On two consecutive nights in March of 1905, poet Vachel Lindsay tried to peddle his poems on the streets of New York City. A young and poor art student at the time, he possessed vaulted ideas about taking Beauty to the masses. On the first night, he began his door-to-door poetry crusade at 10th Avenue and 50th Street and then walked down the west side of 10th, stopping in stores, laundries, delis, and drugstores to talk the proprietors into buying his poems. He didn't do all that well, but he seemed to enjoy his efforts. In his diary, quoted at length by Edgar Lee Masters in his biography of Lindsay, the aspiring poet detailed his interactions with many of the shopkeepers he encountered, offering commentary about their various ethnic backgrounds - Greek, Chinese, African-American, and German. While his comments often take on offensive stereotyping, he does paint a fascinating, if naive, portrait of the multi-ethnic neighborhood known as Hell's Kitchen.

In the mid 19th century, …

A Jazz Weekend

With guests staying in town and tickets to the Village Vanguard to hear Bill Frisell's 858 Quartet on Sunday night, the weekend took on a jazz theme. In addition to also hearing snippets of free live jazz in Washington Square Park, we took a group excursion to the NYPL’s Performing Arts Library at Lincoln Center to see the exhibit, The Jazz Loft Project. On Sunday afternoon, I ventured a solo trip to revisit photographer W. Eugene Smith's loft on Sixth Avenue, the subject of the exhibit, to see what remained of this jazz-infused block near W. 28th Street. Within forty-eight hours, a few trips on the A train and the walks around Lincoln Plaza, the parks, the streets, and the avenues assumed varying syncopated tempos on their own. Like Vachel Lindsay picking up the tempo of the elevated trains for his poetry, the walking excursions to places in jazz history tapped into the alternating syncopations and meters of the language of jazz. Listening to the street, the visits seemed to …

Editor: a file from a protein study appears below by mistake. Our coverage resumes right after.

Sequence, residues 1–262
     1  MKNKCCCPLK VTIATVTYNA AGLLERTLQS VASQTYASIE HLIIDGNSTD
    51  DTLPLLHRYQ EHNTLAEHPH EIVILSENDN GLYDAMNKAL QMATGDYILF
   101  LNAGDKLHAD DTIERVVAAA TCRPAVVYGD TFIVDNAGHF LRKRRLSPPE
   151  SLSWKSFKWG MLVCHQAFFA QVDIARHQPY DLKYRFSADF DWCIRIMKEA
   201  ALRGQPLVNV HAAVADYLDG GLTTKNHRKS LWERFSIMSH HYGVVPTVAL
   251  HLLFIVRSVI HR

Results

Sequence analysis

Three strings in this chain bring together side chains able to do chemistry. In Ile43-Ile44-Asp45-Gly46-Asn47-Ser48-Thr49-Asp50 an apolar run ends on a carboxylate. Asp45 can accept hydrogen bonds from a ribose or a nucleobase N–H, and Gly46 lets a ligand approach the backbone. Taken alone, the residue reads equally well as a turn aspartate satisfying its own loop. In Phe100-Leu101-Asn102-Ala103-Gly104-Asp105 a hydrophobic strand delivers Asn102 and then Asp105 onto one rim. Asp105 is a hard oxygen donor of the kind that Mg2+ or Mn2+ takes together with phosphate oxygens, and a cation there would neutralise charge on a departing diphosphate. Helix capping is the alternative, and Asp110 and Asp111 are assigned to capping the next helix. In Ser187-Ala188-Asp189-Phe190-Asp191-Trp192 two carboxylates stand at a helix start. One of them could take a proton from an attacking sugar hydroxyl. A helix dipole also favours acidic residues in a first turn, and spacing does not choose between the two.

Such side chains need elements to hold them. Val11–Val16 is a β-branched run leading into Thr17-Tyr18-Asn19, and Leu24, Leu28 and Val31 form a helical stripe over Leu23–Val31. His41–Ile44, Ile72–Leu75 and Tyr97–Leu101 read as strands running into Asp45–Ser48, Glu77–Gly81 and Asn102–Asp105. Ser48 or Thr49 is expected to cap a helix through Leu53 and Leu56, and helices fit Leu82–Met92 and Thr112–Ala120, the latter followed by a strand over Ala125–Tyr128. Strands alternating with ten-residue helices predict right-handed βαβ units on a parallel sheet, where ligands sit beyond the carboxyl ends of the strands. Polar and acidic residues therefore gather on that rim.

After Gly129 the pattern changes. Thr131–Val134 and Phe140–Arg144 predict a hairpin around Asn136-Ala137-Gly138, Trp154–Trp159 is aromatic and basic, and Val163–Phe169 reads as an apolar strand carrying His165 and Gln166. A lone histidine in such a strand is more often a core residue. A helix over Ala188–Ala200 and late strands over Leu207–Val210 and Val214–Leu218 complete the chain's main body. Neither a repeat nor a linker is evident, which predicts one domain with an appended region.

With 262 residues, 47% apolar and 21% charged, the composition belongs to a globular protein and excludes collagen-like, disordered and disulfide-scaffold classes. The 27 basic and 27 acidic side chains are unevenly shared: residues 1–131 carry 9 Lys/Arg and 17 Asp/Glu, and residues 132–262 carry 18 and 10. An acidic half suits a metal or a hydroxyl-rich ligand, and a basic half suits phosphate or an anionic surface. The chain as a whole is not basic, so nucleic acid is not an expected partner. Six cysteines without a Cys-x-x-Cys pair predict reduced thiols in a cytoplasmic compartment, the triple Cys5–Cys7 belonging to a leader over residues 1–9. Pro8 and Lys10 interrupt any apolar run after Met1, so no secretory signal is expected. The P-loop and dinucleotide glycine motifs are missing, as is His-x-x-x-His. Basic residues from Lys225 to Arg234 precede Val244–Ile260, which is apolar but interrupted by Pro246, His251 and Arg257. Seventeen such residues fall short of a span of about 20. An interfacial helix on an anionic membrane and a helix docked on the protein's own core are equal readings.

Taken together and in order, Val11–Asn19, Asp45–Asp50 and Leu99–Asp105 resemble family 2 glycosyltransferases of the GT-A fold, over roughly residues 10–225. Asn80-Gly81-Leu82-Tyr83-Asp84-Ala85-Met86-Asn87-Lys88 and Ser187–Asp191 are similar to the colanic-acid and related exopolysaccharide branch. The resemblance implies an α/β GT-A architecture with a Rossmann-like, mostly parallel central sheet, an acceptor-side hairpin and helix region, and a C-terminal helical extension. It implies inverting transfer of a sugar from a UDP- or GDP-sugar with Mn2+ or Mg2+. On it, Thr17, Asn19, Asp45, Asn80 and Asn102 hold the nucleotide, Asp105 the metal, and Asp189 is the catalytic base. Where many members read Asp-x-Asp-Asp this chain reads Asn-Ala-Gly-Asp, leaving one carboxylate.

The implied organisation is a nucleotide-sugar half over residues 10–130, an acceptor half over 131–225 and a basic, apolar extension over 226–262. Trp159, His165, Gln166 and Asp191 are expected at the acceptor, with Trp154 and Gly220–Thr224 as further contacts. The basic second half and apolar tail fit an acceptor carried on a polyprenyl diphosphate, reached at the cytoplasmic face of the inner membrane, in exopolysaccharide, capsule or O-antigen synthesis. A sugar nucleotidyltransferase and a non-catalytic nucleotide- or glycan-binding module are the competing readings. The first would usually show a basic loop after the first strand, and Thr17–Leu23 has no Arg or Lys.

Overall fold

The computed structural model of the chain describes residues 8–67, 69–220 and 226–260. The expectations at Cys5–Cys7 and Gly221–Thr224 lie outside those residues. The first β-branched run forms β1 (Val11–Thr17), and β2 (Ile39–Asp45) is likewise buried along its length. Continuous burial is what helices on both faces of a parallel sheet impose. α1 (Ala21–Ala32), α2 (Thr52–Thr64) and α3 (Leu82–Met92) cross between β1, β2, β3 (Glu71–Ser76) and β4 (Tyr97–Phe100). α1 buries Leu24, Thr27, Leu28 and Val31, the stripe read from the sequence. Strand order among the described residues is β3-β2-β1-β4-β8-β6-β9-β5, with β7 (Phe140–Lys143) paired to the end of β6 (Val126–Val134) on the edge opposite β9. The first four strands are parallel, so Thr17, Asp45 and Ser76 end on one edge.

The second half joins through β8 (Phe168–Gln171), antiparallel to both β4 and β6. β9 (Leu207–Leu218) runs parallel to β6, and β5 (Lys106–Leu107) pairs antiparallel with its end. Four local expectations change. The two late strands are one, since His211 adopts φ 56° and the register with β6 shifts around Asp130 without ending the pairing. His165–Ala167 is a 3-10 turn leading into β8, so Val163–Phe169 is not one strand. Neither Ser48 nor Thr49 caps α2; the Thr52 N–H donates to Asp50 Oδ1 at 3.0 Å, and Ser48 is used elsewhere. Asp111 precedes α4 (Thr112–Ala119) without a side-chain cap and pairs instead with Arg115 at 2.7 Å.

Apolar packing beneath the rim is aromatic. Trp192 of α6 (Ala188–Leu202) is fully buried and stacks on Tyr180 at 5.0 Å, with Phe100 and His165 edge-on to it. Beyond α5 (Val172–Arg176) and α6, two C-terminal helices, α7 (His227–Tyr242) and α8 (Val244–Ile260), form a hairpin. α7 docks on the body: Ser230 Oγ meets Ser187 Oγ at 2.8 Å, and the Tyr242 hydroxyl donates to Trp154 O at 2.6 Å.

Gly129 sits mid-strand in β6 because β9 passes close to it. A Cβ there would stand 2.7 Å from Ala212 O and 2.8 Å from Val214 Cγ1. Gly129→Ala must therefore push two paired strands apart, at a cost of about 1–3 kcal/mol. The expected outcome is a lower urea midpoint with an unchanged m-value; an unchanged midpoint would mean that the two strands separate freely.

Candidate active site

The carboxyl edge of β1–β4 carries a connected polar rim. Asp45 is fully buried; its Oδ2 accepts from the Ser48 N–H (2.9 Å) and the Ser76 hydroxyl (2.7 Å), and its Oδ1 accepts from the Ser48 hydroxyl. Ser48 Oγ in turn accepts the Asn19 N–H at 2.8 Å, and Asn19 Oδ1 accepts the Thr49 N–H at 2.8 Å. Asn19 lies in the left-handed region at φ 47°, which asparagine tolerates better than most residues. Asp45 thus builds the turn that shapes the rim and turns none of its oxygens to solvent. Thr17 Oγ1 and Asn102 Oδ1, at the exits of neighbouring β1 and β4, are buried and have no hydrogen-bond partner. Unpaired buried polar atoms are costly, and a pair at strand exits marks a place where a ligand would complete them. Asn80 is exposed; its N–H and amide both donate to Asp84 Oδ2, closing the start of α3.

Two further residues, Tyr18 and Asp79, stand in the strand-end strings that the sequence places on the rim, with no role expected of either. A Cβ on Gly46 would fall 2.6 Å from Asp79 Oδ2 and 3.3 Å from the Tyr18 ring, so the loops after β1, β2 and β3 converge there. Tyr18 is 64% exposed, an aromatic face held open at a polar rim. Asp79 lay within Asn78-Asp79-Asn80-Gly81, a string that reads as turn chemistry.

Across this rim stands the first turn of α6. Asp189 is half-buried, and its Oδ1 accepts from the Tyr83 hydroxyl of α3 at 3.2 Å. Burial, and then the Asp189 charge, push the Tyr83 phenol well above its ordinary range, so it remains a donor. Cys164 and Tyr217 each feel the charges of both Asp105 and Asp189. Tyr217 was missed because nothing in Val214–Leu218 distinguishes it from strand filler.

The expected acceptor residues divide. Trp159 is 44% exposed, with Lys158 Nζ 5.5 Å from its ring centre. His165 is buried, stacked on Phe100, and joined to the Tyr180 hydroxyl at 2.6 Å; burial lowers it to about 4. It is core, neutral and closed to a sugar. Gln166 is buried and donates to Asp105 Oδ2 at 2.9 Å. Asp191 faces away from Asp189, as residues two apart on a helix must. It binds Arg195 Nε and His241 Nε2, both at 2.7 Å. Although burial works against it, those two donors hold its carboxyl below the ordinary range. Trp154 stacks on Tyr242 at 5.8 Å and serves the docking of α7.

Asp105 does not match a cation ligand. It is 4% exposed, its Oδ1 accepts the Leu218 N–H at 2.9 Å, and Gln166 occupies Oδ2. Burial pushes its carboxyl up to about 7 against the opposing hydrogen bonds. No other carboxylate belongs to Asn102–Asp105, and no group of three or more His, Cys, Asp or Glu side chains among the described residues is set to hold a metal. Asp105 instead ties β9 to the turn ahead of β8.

Vachel Lindsay, Artist and Poet, Walking in New York

Vachel Lindsay (1879-1931), the peripatetic poet from Springfield, Illinois, came to New York City in 1905 to study art with William Merritt Chase and Robert Henri, but his famed teachers, especially Henri, quickly assessed the young man of twenty-five more talented in poetry than in drawing. Lindsay found himself so torn between his poetry writing and art that he often had trouble focusing. That opinion, at any rate, belongs to biographer Edgar Lee Masters who also observed that his fellow Illinois poet "had no faculty for the practical things." Lindsay spent much of his time after school walking through the galleries of the Metropolitan Museum of Art as well as through "the quaint and curious neighborhoods of the city, which had not yielded at that time to the innovation of the modern apartment building and the skyscraper." (Vachel Lindsay: A Poet in America by Edgar Lee Masters. Charles Scribner's Sons. New York, 1935) As it turns out, walking serves a purp…

A Walk in the Ramble

For those who enjoy a long walk in nature but who also like their creature comforts not far away, a visit to The Ramble in Central Park should fit the bill. This 38-acre site of wild woods, outcroppings of rock, man-made rustic features, and confusing trails, all set to the tune of birds and sometimes screaming children, sits roughly between 78th St. on the north and 73rd St. on the south. The Lake is to the south.

A walk through this intentionally contrived wild northern shore affords great views of the water, its seasonal recreational boaters, and beyond, the formalities of Bethesda Terrace. New York Central Park's landscape designers, Frederick Law Olmsted and Calvert Vaux, designed the Ramble this way as a counterpoint to the nearby formal elements of the park.


From the days of its construction in the late 1850s, when scores of workers moved the earth, constructed masonry, built artificial hills and streams, carved out paths, and planted a diversity of trees and plants, the Ra…